“[Alaska] Governor Sarah Palin announced on May 31, 2009 that the State of Alaska has chosen to monitor but not yet actively participate in the upcoming initiative to create nationwide common core state standards in reading and math” (Education Initiative, 2009, Â¶1).
“The National Governors Association and the Council of Chief State School Officers have announced they intend to work with states to formulate standards in English and math for kindergarten through grade 12 by December 2009” (Education Initiative, 2009, Â¶2).
“Alaska’s decision not to participate until after we monitor this is based on our desire to spend our time and public resources to improve instruction in the classroom and to form productive relationships between schools and the communities they serve,” Governor Palin said. “If this initiative produces useful results, Alaska will remain free to incorporate them in our own standards” (Education Initiative, 2009, Â¶3).
“Commissioner Larry LeDoux of the Department of Education and Early Development noted that Alaskans already have spent considerable time and money to develop detailed standards for the performance of students in grades 3 to 10 in reading, writing and math, including assessments to measure students in those core subjects. There also are numerous other standards for the content of curricula and the performance of younger students and of teachers” (Education Initiative, 2009, Â¶4).
“Commissioner LeDoux noted that the Alaska Education Plan includes a commitment to review our standards” (Education Initiative, 2009, Â¶5).
“Alaska’s assessments tell us useful information about our students,” LeDoux said. “Used correctly, the data helps guide instruction and leads to improved student achievement. If standards and assessments are changed, schools and parents will not be able to compare their students’ progress to recent years and once again we will be back to square one” (Education Initiative, 2009, Â¶6).
“The standards are not the education problem we face,” the governor said. “The major challenges are persistently low achievement among some students and a low graduation rate. Now is the time for the state and school districts to work together to improve instruction and student achievement” (Education Initiative, 2009, Â¶7).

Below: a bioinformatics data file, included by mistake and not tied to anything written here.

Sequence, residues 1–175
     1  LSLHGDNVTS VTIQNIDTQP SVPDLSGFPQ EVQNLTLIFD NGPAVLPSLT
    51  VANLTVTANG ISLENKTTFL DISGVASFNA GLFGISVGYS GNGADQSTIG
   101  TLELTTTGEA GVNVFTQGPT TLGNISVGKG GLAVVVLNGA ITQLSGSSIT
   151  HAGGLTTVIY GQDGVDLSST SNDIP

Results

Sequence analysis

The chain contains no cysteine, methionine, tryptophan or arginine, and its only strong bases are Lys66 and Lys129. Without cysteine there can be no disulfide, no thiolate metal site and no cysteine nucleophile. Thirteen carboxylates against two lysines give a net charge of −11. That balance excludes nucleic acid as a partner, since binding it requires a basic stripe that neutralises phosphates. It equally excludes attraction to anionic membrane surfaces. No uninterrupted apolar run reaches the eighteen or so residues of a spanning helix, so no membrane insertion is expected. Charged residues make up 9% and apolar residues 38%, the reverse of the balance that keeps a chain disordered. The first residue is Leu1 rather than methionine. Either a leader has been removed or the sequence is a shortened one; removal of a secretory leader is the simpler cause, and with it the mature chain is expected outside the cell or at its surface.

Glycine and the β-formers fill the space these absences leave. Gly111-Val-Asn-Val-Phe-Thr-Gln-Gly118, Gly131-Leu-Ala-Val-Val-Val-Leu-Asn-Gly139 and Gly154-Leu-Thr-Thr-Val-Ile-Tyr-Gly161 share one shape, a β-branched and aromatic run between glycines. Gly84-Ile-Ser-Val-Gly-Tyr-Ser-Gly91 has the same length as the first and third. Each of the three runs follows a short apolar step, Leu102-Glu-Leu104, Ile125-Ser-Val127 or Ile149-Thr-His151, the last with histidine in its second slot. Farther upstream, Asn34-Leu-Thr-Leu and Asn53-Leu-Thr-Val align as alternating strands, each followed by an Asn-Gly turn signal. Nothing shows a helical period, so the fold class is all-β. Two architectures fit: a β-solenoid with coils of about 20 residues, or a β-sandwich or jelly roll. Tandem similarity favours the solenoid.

“To that end, in this past legislative session the administration proposed and the legislature funded a pilot program to improve young children’s readiness for school and an initiative to help struggling school districts build a sustainable capacity to serve their students” (Education Initiative, 2009, Â¶8).
“In addition to offering districts technical assistance in best practices that substantially influence school and student performance, the state will employ a director of rural education, who will build bridges between schools and communities, and draw on local resources” (Education Initiative, 2009, Â¶9).
“The State of Alaska fully believes that schools must have high expectations of students,” Governor Palin said. “But high expectations are not always created by new, mandated federal standards written on paper. They are created in the home, the community and the classroom.” (Education Initiative, 2009, Â¶10).
We see a number of aspects of Governor Palin’s conservatism on display here. Politically speaking, this is pure Reagan conservatism — preference for small and limited federal government — and keeping local control. Her final two paragraphs synthesize that point more than adequately.
From the standpoint of executive leadership, we see a step-by-step “look before you leap” approach founded upon discipline. Governor Palin is not jumping headlong into a program that sounds good, but the details of which may prove troublesome later. She is monitoring and observing. The Governor will then proceed based on her observations.
We also see fiscal prudence here. AK already has high standards and has spent considerable sums of money to institute and maintain them. Spending money on a duplicate program at the federal level quite likely makes little sense.
Finally, as Governor Palin noted, achievement, not standards is the core issue in the AK educational system. A proper educational initiative; therefore, focuses on achievement as the root cause problem, not creating or adhering to yet another set of standards.
Alaska to monitor education initiative; reading and math nationwide standards. (2009, May 31). State of Alaska, Governor. Retrieved June 1, 2009 from: http://www.gov.state.ak.us/news.php?id=1872